The next screen shot (Figure 3), from CPM Dairy, shows a ration formulated for a 1,450 lb. herd, but received by a 1,250 lb. herd. These cows have a maintenance ME requirement of 15 Mcal, which is approximately 23% of the calculated total energy requirement. Similarly, the maintenance MP requirement is 28% of the total requirement. As the bottom right quadrant shows, the needs for both energy and protein were met. In fact, the ME provided exceeded needs by 7%. In most cases, there is a cost associated with an over supply, both in dollar terms and in excess body fat gain. The number of days needed to change one body condition score decreased from 277 to 160.

The final screen shot in this series (Figure 4) shows what happens when the same diet is offered to a herd with a 1,700 lb. average mature weight. Maintenance ME needs for these animals is now 19 Mcal/day, or 28% of the total requirement. The number of days needed to gain one body condition score is a whopping 888! This could conceivably (pun intended) have an impact on the herd’s ability to reproduce.

You may have noticed that the MP requirement for the 1,200 lb. cows is quite similar to the body weight from the 1,700 lb. cows. That is because the MP requirement is a function of both body weight and dry matter intake. Because the diet intakes did not change in the examples, the intakes as a percentage of body weight differ for the three groups of cows.

This is nicely broken down in another program, the Consulting Nutritionist, provided by Dalex Livestock Solutions. Metabolic fecal requirements change with intake as a percent of body weight. Thus, requirements increase slightly with the lighter cows, and decrease with the heavier cows, offsetting some of the other requirements that are based solely on weight.

While weight is the most important variable used to determine requirements, dry matter intake is the most important variable for the assessment of nutrient availability. When 54.2 lbs. of dry matter were supplied to cows with a mature weight of 1,450 lbs., MP available was found to be 2,883 g (Figure 2). This value increased to 2,921 g for the 1,250 lb. cows (Figure 3), but dropped to 2,843 g with the heavier 1,700 lb. mature weight cows (Figure 4). Such differences translate into more or less milk protein.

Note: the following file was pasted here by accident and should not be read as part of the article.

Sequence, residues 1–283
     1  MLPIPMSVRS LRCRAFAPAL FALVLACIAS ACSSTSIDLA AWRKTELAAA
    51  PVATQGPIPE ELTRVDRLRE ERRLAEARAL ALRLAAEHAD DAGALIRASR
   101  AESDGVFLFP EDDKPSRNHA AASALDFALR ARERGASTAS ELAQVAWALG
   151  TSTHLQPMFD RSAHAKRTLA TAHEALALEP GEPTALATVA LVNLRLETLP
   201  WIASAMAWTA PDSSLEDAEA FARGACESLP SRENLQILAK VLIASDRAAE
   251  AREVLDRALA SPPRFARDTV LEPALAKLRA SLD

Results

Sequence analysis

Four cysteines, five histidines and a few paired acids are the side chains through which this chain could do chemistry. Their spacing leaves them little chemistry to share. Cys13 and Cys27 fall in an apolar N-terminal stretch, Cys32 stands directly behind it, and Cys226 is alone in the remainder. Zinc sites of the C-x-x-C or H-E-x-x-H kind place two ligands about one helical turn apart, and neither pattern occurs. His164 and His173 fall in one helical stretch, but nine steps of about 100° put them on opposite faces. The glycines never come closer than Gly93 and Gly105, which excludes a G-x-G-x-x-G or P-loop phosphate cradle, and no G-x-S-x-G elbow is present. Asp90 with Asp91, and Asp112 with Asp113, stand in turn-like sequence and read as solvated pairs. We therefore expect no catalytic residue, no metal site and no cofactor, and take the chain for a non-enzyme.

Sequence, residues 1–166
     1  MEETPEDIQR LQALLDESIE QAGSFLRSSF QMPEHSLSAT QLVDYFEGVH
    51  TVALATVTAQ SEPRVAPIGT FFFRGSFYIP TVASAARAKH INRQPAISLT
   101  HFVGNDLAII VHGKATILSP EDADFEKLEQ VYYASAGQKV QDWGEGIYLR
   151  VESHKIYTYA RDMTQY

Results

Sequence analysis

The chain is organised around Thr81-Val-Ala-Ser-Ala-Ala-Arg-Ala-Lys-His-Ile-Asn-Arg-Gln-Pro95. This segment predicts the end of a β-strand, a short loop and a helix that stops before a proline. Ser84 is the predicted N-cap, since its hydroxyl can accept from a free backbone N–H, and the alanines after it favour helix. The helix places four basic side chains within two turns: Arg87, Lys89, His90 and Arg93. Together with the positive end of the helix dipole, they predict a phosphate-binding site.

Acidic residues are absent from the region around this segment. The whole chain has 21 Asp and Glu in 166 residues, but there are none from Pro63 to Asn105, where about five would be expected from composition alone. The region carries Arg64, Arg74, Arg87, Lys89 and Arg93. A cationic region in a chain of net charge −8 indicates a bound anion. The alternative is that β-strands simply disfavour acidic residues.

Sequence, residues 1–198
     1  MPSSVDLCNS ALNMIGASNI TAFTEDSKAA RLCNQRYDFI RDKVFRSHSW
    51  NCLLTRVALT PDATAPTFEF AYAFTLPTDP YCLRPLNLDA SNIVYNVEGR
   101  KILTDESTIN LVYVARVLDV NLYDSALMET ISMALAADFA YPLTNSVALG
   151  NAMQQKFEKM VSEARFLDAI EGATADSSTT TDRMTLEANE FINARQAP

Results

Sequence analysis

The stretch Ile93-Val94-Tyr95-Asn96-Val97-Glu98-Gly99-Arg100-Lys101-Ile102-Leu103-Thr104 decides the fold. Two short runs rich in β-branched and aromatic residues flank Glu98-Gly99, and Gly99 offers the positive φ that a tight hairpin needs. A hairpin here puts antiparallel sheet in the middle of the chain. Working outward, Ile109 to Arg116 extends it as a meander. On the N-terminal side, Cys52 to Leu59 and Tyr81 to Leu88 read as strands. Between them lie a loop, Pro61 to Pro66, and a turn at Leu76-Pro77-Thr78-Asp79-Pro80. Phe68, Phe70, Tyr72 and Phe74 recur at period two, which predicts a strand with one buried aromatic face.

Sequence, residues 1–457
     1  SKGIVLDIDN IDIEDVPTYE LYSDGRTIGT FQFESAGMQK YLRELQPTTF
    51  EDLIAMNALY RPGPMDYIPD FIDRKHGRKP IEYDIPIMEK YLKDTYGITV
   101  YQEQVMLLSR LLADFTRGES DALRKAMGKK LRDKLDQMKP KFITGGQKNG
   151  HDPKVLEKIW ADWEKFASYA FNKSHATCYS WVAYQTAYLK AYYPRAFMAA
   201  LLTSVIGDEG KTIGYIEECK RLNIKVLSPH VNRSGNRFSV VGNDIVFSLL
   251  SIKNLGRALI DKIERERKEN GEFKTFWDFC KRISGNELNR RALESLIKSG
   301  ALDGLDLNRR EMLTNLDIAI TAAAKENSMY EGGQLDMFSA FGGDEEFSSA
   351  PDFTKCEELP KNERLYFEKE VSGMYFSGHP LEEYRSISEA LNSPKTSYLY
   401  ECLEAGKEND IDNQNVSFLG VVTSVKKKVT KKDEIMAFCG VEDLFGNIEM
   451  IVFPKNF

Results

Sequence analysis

In dynamic feed formulation programs, passage of feed through the rumen depends on feed intake. As intake increases, feed moves through the rumen more quickly. This provides greater opportunity for microbial growth and increases escape protein, but reduces the amount of time available to digest cell wall.

Here are two examples from the recent Cornell Net Carbohydrate and Protein System (CNCPS6.1). In the first example (Figure 6), dry matter intake is 55.4 lbs./day. Rumen degraded protein is 9.175% of intake and total fermented carbohydrate is 55.2% of the carbohydrate consumed. When the diet recipe is increased by 10% (Figure 7), rumen degraded protein slides to 8.94%, while total carbohydrate fermented is reduced to 54%.

Intake likewise influences the requirements for nutrients that are not dynamic. If, for example, cows are determined to need 150 g of calcium, this requirement may not be met if intakes are under predicted. Similarly, nutrients will be wasted if cows eat more than assumed. It is therefore helpful to get a handle on intake in order to provide the best possible formula.

Two simple items: body weight and dry matter intake can be the difference between a successful formulation or missing the target.